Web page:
City Region and Regionalism: A Geographical Contribution to Human Ecology

By Robert E. Dickinson | Go to book overview

CHAPTER 5
REGIONS WITHIN THE CITY: THE NATURAL AREA

Special attention was given in the last chapter to the city as a whole and, in particular, to the process of concentric growth within it. This process is evident not only in the general formation of broadly concentric zones, named the central, middle, and outer zones, but also in the detailed movements and segregations of population and in the succession of land uses and population groups inside the compact built-up area. It has already been indicated, however, that, important as this process of concentric growth is in the differentiation of the structure of the city, much more important is the formation of distinct districts, whose functional character depends not only on position in relation to the centre, but also on conditions of topography and of historical development. The character and arrangement of these functional regions, while differing in detail from one city to another, have certain general features, which have been noted already with reference to representative American cities (p. 116). Before proceeding to discuss particular aspects of the functional regions of the city, let us briefly examine the structure of one city, ignoring as far as possible the detail that is dependent on its special topography.


I. FUNCTIONAL DIFFERENTIATION IN A LARGE CITY: STOCKHOLM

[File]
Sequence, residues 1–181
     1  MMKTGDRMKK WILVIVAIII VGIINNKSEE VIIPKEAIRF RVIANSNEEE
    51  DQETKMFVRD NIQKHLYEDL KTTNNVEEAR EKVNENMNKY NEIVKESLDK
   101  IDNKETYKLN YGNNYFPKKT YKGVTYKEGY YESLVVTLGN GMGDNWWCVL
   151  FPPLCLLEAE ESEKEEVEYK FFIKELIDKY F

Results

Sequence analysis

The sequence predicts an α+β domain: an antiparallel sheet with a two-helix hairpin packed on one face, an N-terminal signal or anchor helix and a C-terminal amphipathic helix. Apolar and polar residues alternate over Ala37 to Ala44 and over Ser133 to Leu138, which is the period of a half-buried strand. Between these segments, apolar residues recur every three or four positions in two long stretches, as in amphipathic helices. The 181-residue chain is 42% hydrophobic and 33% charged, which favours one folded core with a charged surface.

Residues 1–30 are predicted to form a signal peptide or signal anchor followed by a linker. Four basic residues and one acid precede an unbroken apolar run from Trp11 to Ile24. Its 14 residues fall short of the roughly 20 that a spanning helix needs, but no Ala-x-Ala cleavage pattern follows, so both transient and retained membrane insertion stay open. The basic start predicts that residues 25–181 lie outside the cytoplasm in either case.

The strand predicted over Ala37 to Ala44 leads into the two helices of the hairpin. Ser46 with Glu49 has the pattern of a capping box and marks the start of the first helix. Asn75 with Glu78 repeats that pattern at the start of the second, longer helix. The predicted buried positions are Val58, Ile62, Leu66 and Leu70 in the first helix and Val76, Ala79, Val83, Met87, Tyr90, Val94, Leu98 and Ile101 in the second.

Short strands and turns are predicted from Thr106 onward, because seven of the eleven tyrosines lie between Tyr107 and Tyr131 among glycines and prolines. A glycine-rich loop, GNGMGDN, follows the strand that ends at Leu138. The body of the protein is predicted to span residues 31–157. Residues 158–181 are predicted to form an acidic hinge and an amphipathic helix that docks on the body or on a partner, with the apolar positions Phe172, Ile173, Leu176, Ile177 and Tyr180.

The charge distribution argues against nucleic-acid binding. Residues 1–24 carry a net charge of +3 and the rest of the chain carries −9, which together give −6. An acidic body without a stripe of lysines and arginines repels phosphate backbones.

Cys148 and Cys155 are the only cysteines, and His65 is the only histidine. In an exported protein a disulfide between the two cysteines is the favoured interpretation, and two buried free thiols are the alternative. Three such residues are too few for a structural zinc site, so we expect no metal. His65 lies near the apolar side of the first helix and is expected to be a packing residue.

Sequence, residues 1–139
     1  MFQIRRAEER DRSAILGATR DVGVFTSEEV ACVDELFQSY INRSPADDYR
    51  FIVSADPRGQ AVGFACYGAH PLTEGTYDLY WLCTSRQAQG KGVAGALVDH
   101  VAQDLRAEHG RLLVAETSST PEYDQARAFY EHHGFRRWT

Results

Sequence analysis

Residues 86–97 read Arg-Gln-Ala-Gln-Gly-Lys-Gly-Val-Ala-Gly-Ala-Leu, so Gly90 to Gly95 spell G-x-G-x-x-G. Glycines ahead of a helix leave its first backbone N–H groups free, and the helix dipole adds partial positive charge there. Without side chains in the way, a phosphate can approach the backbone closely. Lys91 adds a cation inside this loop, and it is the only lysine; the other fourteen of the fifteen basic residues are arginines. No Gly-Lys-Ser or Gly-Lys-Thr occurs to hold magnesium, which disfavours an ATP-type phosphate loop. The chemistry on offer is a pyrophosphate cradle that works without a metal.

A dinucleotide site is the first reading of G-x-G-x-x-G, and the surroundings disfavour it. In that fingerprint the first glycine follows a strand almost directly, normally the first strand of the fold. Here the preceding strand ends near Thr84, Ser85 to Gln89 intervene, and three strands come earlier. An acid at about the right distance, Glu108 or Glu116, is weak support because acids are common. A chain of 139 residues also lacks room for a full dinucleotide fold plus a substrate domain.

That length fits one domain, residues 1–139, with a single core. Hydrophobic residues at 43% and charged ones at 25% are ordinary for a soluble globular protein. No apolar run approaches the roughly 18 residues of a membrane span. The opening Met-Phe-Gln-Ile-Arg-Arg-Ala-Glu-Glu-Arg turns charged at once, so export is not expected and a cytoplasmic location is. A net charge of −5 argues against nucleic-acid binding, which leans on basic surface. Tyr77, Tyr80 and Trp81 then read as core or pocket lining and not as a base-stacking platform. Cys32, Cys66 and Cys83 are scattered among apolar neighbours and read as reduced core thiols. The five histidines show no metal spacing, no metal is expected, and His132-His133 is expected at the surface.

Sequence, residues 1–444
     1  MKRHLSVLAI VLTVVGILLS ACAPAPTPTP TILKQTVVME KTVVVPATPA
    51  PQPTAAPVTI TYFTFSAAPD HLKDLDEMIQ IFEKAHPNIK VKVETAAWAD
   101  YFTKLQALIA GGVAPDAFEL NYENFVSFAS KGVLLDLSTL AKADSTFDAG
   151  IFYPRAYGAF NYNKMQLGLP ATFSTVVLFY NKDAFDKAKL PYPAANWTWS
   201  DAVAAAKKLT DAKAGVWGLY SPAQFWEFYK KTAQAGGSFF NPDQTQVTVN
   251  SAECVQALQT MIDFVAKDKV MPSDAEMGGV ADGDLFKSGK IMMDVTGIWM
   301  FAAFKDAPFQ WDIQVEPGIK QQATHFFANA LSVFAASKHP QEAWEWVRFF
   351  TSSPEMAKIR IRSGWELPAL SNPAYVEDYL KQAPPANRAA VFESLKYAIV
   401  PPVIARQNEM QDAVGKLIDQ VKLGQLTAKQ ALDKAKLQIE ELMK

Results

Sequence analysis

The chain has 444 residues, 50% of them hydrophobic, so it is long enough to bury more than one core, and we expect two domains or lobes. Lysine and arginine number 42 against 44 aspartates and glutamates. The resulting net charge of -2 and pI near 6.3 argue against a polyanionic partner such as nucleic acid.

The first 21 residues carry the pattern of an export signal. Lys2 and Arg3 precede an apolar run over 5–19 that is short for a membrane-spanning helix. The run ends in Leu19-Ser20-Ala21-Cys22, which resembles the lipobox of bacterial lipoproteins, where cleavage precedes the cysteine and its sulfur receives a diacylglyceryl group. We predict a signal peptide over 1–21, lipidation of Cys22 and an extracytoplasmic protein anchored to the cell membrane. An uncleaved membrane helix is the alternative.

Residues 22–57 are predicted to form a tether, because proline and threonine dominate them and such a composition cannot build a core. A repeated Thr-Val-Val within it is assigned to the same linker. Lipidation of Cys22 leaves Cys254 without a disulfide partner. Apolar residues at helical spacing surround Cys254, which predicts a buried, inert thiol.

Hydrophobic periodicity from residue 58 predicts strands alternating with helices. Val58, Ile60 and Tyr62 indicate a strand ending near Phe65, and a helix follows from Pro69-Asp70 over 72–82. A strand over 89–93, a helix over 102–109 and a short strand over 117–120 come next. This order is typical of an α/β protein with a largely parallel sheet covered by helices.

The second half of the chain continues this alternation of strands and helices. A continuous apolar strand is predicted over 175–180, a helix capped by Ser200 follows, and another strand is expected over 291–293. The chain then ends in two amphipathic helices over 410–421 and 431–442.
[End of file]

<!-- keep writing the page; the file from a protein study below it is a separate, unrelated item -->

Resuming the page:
Stockholm has been thoroughly studied and reveals admirably the process of urban growth and the tendency to the segregation of functions in separate districts, and the succession of functions in them.1 The inner town area covered by this detailed survey covers the site of the medieval town (Staden Mellan Broarna) on an isthmus between two east-west stretches of water (Mälaren lake and the Saltsjön) and the compact built-up area to the north and the large island of Södermalm to the south. This is a densely and

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1
W. William-Olsson, Stockholm: Its Structure and Development, Geographical Review, Vol. XXX, 1940, pp. 420-38. Also Stockholms Inre Differentiering by H. W. Ahlmann and associates , Meddelande från Geografiska Institutet vid Stockholms Högskola, No. 20, 1934, and Sten de Geer, "Greater Stockholm", Geographical Review, Vol. XIII, 1923, pp. 487-500.

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